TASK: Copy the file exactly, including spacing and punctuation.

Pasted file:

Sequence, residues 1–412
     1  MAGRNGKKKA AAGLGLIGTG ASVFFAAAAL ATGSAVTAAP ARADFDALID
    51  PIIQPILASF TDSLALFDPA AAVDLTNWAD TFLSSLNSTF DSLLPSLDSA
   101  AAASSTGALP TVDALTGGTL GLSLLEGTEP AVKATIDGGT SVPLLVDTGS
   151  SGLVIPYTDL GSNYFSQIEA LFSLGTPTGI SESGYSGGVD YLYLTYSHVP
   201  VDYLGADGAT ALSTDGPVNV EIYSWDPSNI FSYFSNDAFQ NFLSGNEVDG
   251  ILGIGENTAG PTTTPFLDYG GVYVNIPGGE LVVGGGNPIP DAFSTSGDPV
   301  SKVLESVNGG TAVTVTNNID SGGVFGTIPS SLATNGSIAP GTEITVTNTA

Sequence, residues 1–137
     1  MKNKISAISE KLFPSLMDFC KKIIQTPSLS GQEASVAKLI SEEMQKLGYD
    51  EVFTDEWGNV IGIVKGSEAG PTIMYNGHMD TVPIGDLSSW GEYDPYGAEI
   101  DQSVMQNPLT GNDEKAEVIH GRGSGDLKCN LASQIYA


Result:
Sequence, residues 1–412
     1  MAGRNGKKKA AAGLGLIGTG ASVFFAAAAL ATGSAVTAAP ARADFDALID
    51  PIIQPILASF TDSLALFDPA AAVDLTNWAD TFLSSLNSTF DSLLPSLDSA
   101  AAASSTGALP TVDALTGGTL GLSLLEGTEP AVKATIDGGT SVPLLVDTGS
   151  SGLVIPYTDL GSNYFSQIEA LFSLGTPTGI SESGYSGGVD YLYLTYSHVP
   201  VDYLGADGAT ALSTDGPVNV EIYSWDPSNI FSYFSNDAFQ NFLSGNEVDG
   251  ILGIGENTAG PTTTPFLDYG GVYVNIPGGE LVVGGGNPIP DAFSTSGDPV
   301  SKVLESVNGG TAVTVTNNID SGGVFGTIPS SLATNGSIAP GTEITVTNTA

Sequence, residues 1–137
     1  MKNKISAISE KLFPSLMDFC KKIIQTPSLS GQEASVAKLI SEEMQKLGYD
    51  EVFTDEWGNV IGIVKGSEAG PTIMYNGHMD TVPIGDLSSW GEYDPYGAEI
   101  DQSVMQNPLT GNDEKAEVIH GRGSGDLKCN LASQIYA